This positive-sum game can be created by applied Consciousness--"doing more with less," replacing resouces with elegant, advanced design--a massless, "metaphysical," and non-limited factor.  Example: the first trans-atlantic cable weighed thousands of tons, and could only convey a relative handful of messages in morse code.  A communications satellite the size of a beer keg can relay hundreds or thousands of channels of video and audio information in high definition.  The satellite is able to do this because it represents a more advanced level of science and technology, i.e. more Consciousness, less "stuff."  In a realm like Second Life, goods are created, bought and sold for real money--goods made of no physical resources at all!4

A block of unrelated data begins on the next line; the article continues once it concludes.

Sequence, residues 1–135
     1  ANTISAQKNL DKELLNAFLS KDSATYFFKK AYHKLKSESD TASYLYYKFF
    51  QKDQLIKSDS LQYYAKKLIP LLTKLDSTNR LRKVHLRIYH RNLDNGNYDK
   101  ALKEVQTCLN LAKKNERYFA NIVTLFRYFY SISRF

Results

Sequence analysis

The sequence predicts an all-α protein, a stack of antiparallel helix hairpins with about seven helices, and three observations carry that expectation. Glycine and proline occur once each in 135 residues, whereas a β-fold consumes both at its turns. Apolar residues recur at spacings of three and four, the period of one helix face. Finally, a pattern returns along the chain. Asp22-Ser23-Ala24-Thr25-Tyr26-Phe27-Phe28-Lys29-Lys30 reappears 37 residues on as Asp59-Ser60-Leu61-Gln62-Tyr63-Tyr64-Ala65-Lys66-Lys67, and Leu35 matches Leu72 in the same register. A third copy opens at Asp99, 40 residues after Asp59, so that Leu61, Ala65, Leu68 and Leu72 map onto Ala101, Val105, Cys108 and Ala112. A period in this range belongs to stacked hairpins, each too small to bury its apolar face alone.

The issue of reason and enlightenment vs. Dominator-worship is "the" life-and-death issue of our times.  Will Consciousness emerge from the technological leap of Singularity here, or will we abolish ourselves in a final Gotterdammerung as the Dominator faiths clash with each other to see which one gets to conquer the world and monopolize all belief and thought.
 

NOTES:

1. Biologically, a "human" is actually a community of symbiotically interacting cells, many millions of which are not "human cells" at all!  E.g. bacteria in our digestive tracts that has different DNA than our "human" cells, but without which we could not survive.  Likewise, our "minds" can be broken down into interacting sub-mind complexes of neural wiring that appear to compete in a quasi-Darwinian way to become "our" thoughts and decisions.